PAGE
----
Reynolds Rap

Much Left To Wonder About World Cup Rights Deals

10/26/2011 12:14 AM

Last week, Fox and Telemundo gained the U.S. media rights to top FIFA events from 2015 through 2022, highlighted by the men’s World Cup in Russia in 2018 and Qatar four years thereafter.

It was an upset — perhaps not as big as the U.S. topping England 1-0 in the group stage during the 1950 World Cup in Brazil — because money and FIFA president Sepp Blatter were involved.

Still, for more than $1 billion in outlays for those two events, plus the 2015 and 2019 Women’s World Cups and a host of U-17 and U-20 competitions, one would think there could have been a few more definitive answers about future telecast plans from the new rights-holders.

Or at a minimum there should have been some of the usual platitudes, thanking ESPN and Univision, which will continue to air FIFA’s events through the 2014 World Cup tourney in Brazil, and welcoming and expressing confidence that the newcomers will help FIFA to continue to grow the game…blah, blah, blather, blather, blatter, blatter.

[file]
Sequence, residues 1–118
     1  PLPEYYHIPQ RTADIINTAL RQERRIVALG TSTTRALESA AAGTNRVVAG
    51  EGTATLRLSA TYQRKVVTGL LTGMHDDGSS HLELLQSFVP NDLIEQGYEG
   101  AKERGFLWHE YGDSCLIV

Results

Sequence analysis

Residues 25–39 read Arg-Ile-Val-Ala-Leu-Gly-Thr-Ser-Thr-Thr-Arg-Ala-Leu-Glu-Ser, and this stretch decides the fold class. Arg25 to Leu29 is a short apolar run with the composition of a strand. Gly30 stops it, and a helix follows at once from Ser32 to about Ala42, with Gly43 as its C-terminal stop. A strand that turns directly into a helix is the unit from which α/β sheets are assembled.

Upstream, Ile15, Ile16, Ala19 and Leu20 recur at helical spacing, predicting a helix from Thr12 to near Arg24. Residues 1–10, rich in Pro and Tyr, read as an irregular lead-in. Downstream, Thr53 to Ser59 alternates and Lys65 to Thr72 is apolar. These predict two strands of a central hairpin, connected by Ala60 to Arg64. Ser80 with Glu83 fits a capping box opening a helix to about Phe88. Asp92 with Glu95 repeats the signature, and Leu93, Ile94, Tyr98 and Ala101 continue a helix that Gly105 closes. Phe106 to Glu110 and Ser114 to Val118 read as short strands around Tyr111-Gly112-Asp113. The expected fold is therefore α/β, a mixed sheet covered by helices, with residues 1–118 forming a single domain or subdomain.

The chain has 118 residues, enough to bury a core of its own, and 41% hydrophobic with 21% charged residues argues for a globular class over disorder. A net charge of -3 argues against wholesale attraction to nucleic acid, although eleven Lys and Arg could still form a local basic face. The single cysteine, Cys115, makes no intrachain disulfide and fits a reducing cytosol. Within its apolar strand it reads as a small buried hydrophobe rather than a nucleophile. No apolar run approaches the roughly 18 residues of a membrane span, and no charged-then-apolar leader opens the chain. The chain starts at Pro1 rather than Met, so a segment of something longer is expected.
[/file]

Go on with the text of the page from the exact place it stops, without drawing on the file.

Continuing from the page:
Instead, after reports began surfacing around 11 a.m. on Oct. 23 that Fox and Telemundo had unseated the incumbents, FIFA wouldn’t allow the winners to officially declare their new futbol fortunes until 5 p.m. (ET). And when FIFA did, a three-paragraph statement was all the sport’s international governing body could muster.

FIFA was focused on, as one apologist pointed out,  its Executive Committee meeting and subsequent press conference, which addressed ethics, reforms, transparency, corruption, the establishment of a good governance committee, the withholding of ISL dossier information until December, and featured Blatter parrying whether he had ever considered resigning from the scandal-ridden organization.